And that began my education in ornithology. I met all manner of birds that morning. The helpful lark took me around and introduced me. His rather lyrical assessments of the varied species were surprisingly acute. As I've already mentioned, he told me that sparrows are excitable and talky. He characterized robins as oddly aggressive, and then added that they tended to say the same things over and over. Jays scream a lot. Swallows show off. Crows are thieves.

Vultures stink. Hummingbirds aren't really very intelligent. If he's forced to think about it, the average hummingbird gets so confused that he forgets exactly how to hover in mid-air. Owls aren't really as wise as they're reputed to be, and my guide referred to them rather deprecatingly as 'flying mouse-traps'. Seagulls have a grossly exaggerated notion of their own place in the overall scheme of things. Your average seagull spends a lot of his time pretending to be an eagle. I normally wouldn't have seen any seagulls in the Vale, but the blustery wind had driven them inland. The assorted waterfowl spent almost as much time swimming as they did flying, and they were very clannish. I didn't really care that much for ducks and geese. They're pretty, I suppose, but their voices set my teeth on edge.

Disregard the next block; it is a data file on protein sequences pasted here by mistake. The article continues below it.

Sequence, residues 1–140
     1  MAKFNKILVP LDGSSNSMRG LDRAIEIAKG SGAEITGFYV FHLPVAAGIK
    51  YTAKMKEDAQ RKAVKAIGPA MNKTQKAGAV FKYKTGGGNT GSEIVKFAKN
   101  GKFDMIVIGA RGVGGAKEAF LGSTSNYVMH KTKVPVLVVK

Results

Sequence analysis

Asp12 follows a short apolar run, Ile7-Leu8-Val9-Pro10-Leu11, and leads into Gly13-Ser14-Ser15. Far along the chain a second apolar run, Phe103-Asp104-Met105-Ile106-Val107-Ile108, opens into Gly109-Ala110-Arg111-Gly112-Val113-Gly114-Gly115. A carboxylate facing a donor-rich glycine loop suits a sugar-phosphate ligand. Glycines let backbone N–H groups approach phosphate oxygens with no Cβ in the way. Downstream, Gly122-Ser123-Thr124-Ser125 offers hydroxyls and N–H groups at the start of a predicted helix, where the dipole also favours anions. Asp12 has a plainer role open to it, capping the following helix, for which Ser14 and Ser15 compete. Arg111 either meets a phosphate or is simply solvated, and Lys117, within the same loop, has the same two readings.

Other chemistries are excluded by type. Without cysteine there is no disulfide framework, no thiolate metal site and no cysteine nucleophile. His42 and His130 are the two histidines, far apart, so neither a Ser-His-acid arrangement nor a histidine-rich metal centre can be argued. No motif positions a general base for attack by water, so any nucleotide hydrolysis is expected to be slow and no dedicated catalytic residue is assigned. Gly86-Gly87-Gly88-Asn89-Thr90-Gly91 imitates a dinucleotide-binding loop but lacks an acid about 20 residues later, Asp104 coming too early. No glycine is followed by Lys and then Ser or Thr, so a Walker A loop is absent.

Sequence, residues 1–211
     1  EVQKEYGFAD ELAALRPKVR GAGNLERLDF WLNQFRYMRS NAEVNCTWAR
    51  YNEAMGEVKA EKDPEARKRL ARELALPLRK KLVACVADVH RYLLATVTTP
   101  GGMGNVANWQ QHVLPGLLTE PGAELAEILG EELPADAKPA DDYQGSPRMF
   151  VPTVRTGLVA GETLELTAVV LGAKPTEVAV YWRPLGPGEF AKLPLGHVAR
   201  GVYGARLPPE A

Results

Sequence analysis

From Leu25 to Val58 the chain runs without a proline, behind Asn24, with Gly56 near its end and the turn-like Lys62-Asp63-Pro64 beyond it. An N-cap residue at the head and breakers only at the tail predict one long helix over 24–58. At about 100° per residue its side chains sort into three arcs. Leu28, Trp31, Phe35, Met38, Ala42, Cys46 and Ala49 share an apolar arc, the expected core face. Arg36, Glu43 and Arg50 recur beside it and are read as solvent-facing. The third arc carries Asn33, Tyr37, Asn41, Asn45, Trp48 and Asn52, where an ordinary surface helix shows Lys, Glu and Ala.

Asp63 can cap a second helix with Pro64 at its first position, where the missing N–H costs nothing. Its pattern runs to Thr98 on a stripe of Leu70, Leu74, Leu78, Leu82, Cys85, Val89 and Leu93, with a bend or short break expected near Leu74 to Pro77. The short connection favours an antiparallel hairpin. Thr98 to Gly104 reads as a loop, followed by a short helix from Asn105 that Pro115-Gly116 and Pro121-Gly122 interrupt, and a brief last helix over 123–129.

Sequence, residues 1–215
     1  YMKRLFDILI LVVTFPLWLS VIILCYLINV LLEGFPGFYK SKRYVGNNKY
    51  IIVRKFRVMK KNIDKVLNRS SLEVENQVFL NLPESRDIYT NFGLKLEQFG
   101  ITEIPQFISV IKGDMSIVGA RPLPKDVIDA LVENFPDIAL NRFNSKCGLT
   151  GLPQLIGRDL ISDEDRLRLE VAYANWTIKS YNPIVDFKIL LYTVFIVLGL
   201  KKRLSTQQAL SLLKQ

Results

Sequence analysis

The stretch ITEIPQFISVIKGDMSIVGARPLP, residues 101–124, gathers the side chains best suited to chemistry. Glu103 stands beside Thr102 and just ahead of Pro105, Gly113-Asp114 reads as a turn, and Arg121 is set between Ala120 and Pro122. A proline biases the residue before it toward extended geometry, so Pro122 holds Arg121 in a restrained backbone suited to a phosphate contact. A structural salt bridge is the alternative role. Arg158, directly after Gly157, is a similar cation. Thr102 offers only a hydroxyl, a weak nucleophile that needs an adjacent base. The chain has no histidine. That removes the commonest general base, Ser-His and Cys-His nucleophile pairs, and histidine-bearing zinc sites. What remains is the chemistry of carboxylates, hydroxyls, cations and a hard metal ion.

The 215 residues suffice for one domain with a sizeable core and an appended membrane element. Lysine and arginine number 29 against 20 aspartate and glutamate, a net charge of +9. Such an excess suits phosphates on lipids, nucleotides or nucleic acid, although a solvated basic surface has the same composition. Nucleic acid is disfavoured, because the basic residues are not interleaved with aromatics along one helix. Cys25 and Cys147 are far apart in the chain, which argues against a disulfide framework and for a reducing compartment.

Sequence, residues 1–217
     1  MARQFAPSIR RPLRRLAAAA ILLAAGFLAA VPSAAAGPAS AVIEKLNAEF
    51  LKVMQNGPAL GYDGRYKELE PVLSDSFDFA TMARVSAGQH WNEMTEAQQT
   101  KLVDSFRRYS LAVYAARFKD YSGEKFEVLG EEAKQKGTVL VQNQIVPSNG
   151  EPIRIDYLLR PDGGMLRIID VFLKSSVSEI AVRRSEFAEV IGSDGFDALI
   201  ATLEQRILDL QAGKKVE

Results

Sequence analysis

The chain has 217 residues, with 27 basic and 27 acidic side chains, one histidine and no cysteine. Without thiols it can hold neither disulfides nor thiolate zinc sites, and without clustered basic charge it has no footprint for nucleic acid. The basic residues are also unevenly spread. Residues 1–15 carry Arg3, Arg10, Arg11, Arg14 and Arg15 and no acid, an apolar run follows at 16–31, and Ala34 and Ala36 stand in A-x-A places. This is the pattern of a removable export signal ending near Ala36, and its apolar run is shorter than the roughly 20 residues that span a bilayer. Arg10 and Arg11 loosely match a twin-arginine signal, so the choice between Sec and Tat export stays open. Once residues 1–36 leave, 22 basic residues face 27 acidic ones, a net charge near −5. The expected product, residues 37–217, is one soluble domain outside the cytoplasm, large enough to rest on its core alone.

The aristocrats of birds are the raptors. The various hawks, depending on their size, have a complicated hierarchy, and standing at the very pinnacle of birddom is the eagle.